There is a bar near Battery Park in lower Manhattan that is a cross between the kind of saloon with sawdust on the floor and a spot where you can order a cocktail with bitters and not get the stink eye. Inside is a patchwork of black and white photos hanging from the ceiling and some sort of ceramic rabbit wearing a shamrock bib and Mardi Gras beads sitting amid the booze bottles. The place is called The Dead Rabbit.
All of this should help set the stage.
If you are going to name your place after a deceased furry mammal, you are probably not a sentimentalist in the traditional sense. What they are sentimental about, however, is cocktails. The co-founder, Jack McGarry, tested scores of recipes from the mid-nineteenth century to create his historically-rooted bar with an Old New York meets Irish-American feel.
Brett and I stumbled in on a Saturday at approximately 11 am, found the two best bar stools in the joint, and did not leave for the next three hours. We drank a number of cocktails that day. If asked to recall them, I probably would not get much further than a sweeping implication of gin and beer, forced into a number of wonderfully barbaric midafternoon combinations.
But right before we were about to settle up, our bartender —who had a Southern drawl and was not particularly attentive that day—set down an Irish coffee. Which I suspect was meant as a peace offering for spotty service.
We were drunk on booze and charm by this point. But she did not know that. One sip and another was promptly ordered. The drink became legendary thereafter. And thanks to The New York Times, we were able to uncover its secrets.
As is the case with Irish coffees, a fresh pot is brewed and whiskey is righteously employed. The cocktail is delicately sweetened with a demerara simple syrup that plays to the barrel-aged vanilla notes of the liquor. Perhaps the piece here, however, that truly sets the cocktail apart is that the heavy cream is left unsweetened and whipped only until “ropy.” It looks like a cumulus cloud, spreading to fill the glass and floating delicately on top, graced with nutmeg in its final moments.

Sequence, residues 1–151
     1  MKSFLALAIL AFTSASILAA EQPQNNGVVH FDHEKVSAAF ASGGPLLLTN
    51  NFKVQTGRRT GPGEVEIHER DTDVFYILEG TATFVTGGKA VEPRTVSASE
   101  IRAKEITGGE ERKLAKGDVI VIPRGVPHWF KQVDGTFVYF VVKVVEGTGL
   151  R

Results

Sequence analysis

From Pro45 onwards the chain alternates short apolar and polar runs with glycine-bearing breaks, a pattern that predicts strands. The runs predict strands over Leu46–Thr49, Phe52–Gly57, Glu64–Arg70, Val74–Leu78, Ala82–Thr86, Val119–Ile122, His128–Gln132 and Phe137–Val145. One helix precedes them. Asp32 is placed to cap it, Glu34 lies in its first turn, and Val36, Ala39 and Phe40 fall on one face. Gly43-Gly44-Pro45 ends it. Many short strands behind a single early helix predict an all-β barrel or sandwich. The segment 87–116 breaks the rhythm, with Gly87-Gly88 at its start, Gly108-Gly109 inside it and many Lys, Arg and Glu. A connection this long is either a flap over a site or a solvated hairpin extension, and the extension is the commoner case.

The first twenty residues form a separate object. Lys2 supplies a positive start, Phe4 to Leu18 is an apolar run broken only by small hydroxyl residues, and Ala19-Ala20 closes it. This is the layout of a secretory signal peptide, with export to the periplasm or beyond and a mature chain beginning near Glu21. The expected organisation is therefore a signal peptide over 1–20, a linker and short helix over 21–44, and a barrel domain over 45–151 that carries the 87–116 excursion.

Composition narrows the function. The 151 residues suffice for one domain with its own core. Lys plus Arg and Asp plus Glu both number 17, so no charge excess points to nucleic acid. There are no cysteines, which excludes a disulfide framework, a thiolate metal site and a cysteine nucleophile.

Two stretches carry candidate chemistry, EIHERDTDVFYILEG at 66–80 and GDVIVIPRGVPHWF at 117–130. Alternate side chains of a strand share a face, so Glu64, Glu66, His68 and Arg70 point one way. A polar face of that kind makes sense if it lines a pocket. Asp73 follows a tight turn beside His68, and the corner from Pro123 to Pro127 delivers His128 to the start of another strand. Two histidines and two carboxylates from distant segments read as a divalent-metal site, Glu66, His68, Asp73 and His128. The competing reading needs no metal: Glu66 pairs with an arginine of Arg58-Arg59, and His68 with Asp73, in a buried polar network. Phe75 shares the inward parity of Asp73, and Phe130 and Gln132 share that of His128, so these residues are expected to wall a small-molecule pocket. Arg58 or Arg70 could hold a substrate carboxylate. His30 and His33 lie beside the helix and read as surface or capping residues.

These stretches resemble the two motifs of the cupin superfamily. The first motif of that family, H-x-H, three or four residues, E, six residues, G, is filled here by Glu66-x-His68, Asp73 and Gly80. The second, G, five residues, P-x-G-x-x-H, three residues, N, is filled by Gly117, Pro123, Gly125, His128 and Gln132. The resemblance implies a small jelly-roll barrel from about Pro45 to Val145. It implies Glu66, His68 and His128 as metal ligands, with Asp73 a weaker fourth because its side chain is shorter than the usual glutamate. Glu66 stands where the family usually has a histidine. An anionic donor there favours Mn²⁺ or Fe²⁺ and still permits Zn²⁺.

The whole thing ends in a pretty harmonious, self-congratulatory clink of glasses. Brett and I have become sort of crazy for them. Also as unlikely sentimentalists in the traditional sense, we have fondly named them Dead Rabbits.
It is at once a classic and romantic cocktail. Not too sweet, to be sure. And with the guts that any drink from a good Irish bar would have.
It is only a slight coincidence that this information comes to you a few days prior to St. Patrick’s Day. In the event that a superlative Irish coffee is needed this weekend, you’ll know how to drink the rabbit dead.
The Dead Rabbit
Adapted from The New York Times, courtesy of Jack McGarry from The Dead Rabbit Grocery and Grog
1 tbsp Demerara syrup (see below)
about 3 to 4 tbsp whipped cream (see below)
3 tbsp (1½ ounces) Irish whiskey (Jameson works in a pinch)
4 ounces hot fresh coffee
dash of freshly ground nutmeg
1 cup Demerara sugar
½ cup of water
1 cup heavy cream
for the Demerara syrup
In a medium saucepan, combine the sugar and water over low heat. Stir occasionally until the sugar dissolves; set aside.
for the cocktail
Brew a pot of coffee. Meanwhile, warm a coffee mug with hot water (slightly below boiling works well).
In a medium bowl, whip the cream until it achieves a ropy consistency; it should be firm but still loose. Place in the refrigerator until needed.
Pour out the water from the warmed glass. Add the syrup and whiskey. Pour in the coffee; stir to combine. Gently spoon the whipped cream on top. It should float if properly whipped. The amount used will vary slightly depending on the size of your glass, but you’ll want it about ¾ inch thick and covering the liquid.
Grate nutmeg over the top.
Makes 1 cocktail
It is easier to make some of the components in bulk. The whipped cream makes enough for 3 to 4 cocktails. You’ll have extra syrup beyond that, too. (Store the syrup in the fridge.)
It just so happens The Dead Rabbit has won a number of awards, including Best Bar in North America last year. They do not mess around.